Planet Earth

A Safer Way to Milk a Scorpion

D-briefBy Sylvia MorrowJul 7, 2017 12:06 PM
scorpion
(Credit: Shutterstock)

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As a kid, Mouad Mkamel played with pet snakes, vipers and scorpions. As a Ph.D. student at University King Hassan II of Casablanca, Mkamel is now breeding scorpions and milking their venom using a robot he designed.

At $7,000 to $8,000 per gram, scorpion venom is one of the most expensive liquids in the world. Mkamel believes scorpion venom has the potential to “create a new generation of medicine,” estimating that there are about five million unstudied compounds in venoms that may be useful for drug development. Mkamel says the “cocktail of bioactive compounds” in venoms may be useful to fight cancer, malaria, depression or to develop new painkillers.

For his study, Mkamel bred 1,300 scorpions of four species: A. mauritanicusB. OccitanusH. Franzwerneri, and S. Maurus. Then, he designed a system with different modes that optimize venom extraction for each species.

Supply, says Mkamel, is often a limiting factor in venom research. Even if a scientist manages to capture the specific species of scorpion whose venom they’re interested in studying, conventional extraction methods are tedious and dangerous — the tiniest amount of scorpion venom can cause intense pain, neurological damage or even death.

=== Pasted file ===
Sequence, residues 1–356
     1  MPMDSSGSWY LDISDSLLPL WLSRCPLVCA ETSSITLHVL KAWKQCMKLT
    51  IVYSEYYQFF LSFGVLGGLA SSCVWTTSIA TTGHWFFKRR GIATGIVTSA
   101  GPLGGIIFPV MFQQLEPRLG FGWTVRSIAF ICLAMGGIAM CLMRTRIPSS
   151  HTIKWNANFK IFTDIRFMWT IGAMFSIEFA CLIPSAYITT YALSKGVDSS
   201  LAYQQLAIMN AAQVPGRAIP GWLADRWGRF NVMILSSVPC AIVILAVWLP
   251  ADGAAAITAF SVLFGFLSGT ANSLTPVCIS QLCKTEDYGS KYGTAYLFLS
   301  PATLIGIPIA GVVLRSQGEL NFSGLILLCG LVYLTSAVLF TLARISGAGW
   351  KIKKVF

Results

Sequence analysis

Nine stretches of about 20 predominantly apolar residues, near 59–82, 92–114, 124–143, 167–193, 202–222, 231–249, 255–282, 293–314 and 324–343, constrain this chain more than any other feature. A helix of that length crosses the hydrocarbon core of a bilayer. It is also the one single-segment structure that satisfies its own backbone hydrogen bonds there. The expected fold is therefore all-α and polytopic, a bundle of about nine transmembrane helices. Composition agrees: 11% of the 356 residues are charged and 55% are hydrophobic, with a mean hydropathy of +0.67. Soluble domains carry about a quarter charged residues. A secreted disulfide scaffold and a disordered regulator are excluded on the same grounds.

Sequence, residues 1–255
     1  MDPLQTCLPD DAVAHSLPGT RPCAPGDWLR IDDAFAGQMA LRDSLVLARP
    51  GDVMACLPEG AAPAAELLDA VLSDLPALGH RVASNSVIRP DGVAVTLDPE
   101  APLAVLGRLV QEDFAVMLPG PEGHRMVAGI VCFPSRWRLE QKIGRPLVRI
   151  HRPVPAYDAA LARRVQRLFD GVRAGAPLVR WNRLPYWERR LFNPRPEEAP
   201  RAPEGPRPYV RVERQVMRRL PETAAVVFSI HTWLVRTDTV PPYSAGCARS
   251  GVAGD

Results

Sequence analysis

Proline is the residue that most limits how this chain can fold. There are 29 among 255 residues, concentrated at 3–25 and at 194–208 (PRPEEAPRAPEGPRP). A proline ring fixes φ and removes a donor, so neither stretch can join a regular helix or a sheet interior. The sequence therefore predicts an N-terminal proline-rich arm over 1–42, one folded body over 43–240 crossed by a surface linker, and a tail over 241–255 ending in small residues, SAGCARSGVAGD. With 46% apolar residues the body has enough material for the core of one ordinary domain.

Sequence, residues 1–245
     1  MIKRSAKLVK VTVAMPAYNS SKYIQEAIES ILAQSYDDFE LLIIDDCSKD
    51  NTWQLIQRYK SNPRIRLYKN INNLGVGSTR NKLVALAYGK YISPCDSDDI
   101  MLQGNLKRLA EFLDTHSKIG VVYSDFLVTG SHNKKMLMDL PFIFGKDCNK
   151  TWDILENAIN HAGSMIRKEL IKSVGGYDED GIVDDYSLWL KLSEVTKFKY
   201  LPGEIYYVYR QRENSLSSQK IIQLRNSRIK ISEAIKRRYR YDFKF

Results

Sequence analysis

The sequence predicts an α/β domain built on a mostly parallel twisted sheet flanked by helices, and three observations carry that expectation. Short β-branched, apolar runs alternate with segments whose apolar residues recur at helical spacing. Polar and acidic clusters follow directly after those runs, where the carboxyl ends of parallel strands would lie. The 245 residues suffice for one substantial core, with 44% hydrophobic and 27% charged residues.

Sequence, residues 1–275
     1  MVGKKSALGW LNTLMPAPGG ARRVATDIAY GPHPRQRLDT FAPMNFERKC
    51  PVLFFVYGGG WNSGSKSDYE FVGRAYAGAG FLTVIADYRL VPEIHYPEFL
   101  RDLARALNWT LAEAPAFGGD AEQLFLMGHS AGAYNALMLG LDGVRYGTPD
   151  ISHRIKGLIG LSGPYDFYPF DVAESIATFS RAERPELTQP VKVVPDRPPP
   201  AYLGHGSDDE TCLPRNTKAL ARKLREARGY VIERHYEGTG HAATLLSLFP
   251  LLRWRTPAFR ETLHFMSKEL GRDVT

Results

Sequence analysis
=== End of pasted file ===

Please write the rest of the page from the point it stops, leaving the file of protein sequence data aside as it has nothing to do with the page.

During extraction, voltage is applied across the scorpion’s body, and the agitated arachnid releases a few drops of venom, which conventionally would be collected by hand. His system increases safety (for both scientist and scorpion), speed and usability by performing the electric stimulation and venom collection all on board the robot, which is compact enough to be used in the field and laboratory.

Mkamel says that while caring for so many scorpions was a hard task, as a biologist his greatest challenge was learning the electronics and programming necessary to complete the project.

When it comes to creating anti-venoms, the project is personal: Anti-venoms don’t exist for the scorpions that live in Mkamel’s home country, Morocco. He would like to help fill this gap.

“Each country has special venom…so each country must produce anti-venom. The problem is the government doesn’t want to produce it for the moment, for unknown reasons,” Mkamel says.

Mkamel’s scorpion-milking robot is simply a prototype, and he plans to make new versions of the device with sensors and other upgrades that will make the device easier to use. He thinks he could start looking at viper venom soon, if only he could find some help. Most of the Ph.D. students, he says, are too afraid to work with his scorpions.

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